Inspired by the wonder of its title, ‘Starling Murmuration’ captures these swirls and patterns in the sky through a cleverly constructed pattern of seemingly randomised textures and passages. Over a backdrop of delightful quacks, ‘Greylag Geese Through the Listening Sculpture at Tjörnin’ offers tonal reflection alongside metallic creaking in its aerial movement before ‘Bewick’s Wren’ presents a sound sculpture of minimal synth passages

Photo by Gina Roberti

‘Golden-Crowned Sparrow’ has something of a serene quality along with ‘The Ptarmigan and the Gyrfalcon’ although the latter is shaped by deeper ominous tones of loss in the web of life and the fable of these two birds in Icelandic folklore. ‘Mourning the Varied Thrush That Struck a Window and Died’ documents Patricia Wolf’s own personal experience of a bird hitting a window at her house and dying shortly after; embroiled in heartbreak, this is a haunting emotive piece.

‘Nocturnal Migration’ comes swathed in an airborne wash while reminiscent of CLUSTER & ENO’s ‘One’, Wolf utilises the Nuetone AI plugin tool on one of her field recordings to illustrate the depressing spectre of a future world where wildlife has gone extinct in its natural habit. Then rising high in the air, ‘Soaring’ has density as natural wave upon synthetic wave glistens and builds to conclude.

Patricia Wolf’s creative mission is to use music to “make people more sensitive to the world and maybe a little more careful with it”. An album to savour, ‘The Secret Lives of Birds’ is a fabulous thought provoking work with a variety of emotions that has a sense of purpose.


‘The Secret Lives of Birds’ is released on cassette and digitally by Nite Hive, available from https://patriciawolf.bandcamp.com/album/the-secret-lives-of-birds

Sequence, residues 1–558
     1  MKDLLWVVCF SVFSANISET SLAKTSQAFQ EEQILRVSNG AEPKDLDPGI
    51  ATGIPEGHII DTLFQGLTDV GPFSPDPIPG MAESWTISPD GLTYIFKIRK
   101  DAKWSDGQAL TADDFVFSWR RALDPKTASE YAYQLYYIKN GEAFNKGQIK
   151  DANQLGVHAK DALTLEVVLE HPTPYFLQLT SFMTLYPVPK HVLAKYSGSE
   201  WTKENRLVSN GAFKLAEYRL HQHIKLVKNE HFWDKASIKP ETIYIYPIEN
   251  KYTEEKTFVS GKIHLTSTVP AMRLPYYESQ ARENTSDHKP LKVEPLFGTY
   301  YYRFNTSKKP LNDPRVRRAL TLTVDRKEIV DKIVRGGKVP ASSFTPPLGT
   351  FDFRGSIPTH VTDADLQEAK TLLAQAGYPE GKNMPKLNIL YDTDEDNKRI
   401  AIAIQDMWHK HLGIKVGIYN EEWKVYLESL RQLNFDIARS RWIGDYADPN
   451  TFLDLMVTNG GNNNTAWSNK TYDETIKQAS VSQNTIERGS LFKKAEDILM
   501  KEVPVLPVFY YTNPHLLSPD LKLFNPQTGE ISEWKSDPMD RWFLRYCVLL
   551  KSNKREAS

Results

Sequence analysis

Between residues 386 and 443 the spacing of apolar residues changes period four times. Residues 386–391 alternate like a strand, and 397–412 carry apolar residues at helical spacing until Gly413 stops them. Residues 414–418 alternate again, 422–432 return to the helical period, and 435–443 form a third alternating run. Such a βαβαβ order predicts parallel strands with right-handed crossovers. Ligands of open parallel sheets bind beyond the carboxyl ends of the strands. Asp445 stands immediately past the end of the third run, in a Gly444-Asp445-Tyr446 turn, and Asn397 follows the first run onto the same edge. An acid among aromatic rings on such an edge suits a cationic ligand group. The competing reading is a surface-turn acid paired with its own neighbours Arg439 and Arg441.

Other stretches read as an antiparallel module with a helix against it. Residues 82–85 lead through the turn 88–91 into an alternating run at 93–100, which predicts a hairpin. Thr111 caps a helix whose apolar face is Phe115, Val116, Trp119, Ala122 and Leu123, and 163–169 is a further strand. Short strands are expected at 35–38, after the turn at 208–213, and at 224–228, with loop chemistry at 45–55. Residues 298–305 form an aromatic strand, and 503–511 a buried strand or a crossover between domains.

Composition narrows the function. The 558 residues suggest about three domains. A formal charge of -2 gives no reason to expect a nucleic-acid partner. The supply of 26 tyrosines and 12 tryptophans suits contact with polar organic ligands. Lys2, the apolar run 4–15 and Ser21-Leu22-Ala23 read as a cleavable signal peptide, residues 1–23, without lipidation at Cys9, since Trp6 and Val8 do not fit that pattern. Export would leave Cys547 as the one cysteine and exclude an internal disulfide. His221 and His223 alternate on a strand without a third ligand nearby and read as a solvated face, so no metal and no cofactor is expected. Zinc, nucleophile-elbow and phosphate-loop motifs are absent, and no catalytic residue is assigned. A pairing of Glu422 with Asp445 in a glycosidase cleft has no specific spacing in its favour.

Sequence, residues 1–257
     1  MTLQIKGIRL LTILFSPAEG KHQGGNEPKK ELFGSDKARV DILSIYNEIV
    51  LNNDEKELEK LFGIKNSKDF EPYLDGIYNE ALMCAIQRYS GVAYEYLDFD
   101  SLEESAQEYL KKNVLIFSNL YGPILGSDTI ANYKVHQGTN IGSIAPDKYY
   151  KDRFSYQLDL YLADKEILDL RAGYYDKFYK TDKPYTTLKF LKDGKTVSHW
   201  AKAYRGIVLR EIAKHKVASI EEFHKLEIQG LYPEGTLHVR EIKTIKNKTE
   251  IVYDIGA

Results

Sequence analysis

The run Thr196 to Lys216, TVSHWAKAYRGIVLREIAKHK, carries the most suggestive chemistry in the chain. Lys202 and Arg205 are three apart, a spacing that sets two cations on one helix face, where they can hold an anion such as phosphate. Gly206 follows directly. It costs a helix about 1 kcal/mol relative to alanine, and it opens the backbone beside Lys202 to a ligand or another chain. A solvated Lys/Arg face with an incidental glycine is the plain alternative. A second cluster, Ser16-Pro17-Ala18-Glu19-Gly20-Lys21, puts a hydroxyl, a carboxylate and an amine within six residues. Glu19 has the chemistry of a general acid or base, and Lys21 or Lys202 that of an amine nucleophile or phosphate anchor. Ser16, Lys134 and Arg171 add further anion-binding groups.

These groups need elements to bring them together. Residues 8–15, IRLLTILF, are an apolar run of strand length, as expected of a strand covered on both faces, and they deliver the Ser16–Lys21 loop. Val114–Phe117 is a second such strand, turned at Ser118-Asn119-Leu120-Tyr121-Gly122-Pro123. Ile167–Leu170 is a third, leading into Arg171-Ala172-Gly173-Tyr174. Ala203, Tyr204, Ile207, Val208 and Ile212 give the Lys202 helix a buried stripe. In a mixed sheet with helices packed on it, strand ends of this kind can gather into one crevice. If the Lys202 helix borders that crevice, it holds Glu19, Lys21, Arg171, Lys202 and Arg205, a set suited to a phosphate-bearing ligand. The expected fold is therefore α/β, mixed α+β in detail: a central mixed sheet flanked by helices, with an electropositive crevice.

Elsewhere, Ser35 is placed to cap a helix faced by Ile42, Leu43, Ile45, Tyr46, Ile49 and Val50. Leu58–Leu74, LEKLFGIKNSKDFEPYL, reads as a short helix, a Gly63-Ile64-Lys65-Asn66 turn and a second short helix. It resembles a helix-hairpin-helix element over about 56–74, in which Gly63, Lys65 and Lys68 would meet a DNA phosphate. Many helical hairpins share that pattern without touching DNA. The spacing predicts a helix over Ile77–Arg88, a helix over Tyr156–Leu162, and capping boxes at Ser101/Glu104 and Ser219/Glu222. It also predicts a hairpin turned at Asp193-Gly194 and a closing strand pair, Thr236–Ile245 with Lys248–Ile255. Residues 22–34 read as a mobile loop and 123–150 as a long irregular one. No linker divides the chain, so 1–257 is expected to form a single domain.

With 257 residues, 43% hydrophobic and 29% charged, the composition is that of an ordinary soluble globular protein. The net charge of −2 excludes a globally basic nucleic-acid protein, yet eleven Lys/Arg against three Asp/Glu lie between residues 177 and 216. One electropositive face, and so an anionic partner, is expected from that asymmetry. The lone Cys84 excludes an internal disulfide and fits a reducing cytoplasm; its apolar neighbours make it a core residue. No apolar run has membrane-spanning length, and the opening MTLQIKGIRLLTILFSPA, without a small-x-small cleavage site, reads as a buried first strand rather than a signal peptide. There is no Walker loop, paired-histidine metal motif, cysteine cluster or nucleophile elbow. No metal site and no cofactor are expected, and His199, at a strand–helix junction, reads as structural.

https://www.facebook.com/patriciawolfmusic

https://twitter.com/patwolfmusic

https://www.instagram.com/patriciawolf_music/

https://linktr.ee/patriciawolfmusic

https://open.spotify.com/album/3hlP9cue8TotzzTi2A72aP


Text by Chi Ming Lai
28 June 2024

RODNEY CROMWELL Exercise Class

After the resigned acceptance of the “post-truth world” that loomed over his second album ‘Memory Box’, Rodney Cromwell is back with a lighter humorous commentary on midlife with his new single ‘Exercise Class’.

A recent edition of the podcast ‘The Heritage Chart Show Show’ podcast presented by journalists Siân Pattenden and Peter Paphides referred to the music of Tony Hadley as “Peloton MOR”.

This amusing quip accurately described the current phenomenon of the nostalgia live circuit and its ‘Let’s Rock’ Festivals. Generally full of middle aged attendees lamenting the days of Thatcherism while wearing deeley boppers or mullet wigs, they are often fighting the flab guided by online Peloton home fitness classes while harbouring late aspirations of becoming a rock groupie or pop star…

All pumped up with this blast of disco indietronica influenced by NEW ORDER and LCD SOUNDSYSTEM, Rodney Cromwell chatted to ELECTRICITYCLUB.CO.UK about ‘Exercise Class’, its accompanying video and more…

‘Exercise Class’, is this an example of “Peloton synthpop”?

Ha. I’ve never used a Peloton but perhaps that’s a good description. Even I’m not sure what sort of song this is; sometimes I think it’s a tongue-in-cheek homage to workout video music, but other times I see it as a straight send-up of the spoken-word alternative music you hear constantly on Radio 6 Music. I guess it is whatever you want it to be.

Are the lyrics to ‘Exercise Class’ a sardonic metaphor for life or autobiographical?

I can’t pretend there is any deep level of meaning or metaphor to it. It’s a knowingly stupid song. If it’s anything it is my comment on workout culture, or at least those cringe blokes you see at the gym coming onto women who are just minding their business trying to stay in shape. Rodney Cromwell could never sing from the perspective of a ripped gym-bro though, so obviously the narrator is a pathetic loser. And the story is pure fiction, I have other ways of channelling my mid-life crisis.

You said the video is a bit of a horror splatter fest, how does this relate to the song?

I just didn’t want to do a video with me in gym-gear so I gave my designer Martin, who also plays in the Rodney Cromwell band, carte-blanche to go crazy and do whatever he liked with it. I said of the video that if you’re a fan of Julian House, Terry Gilliam and / or Joe Wicks splatter movies, you’re going to love it. That description probably broke the trade description act, but it’s not a million miles off.

The B-side ‘Madeline Trip’ is a rather short instrumental, are you learning tricks from your label mate Roman Angelos?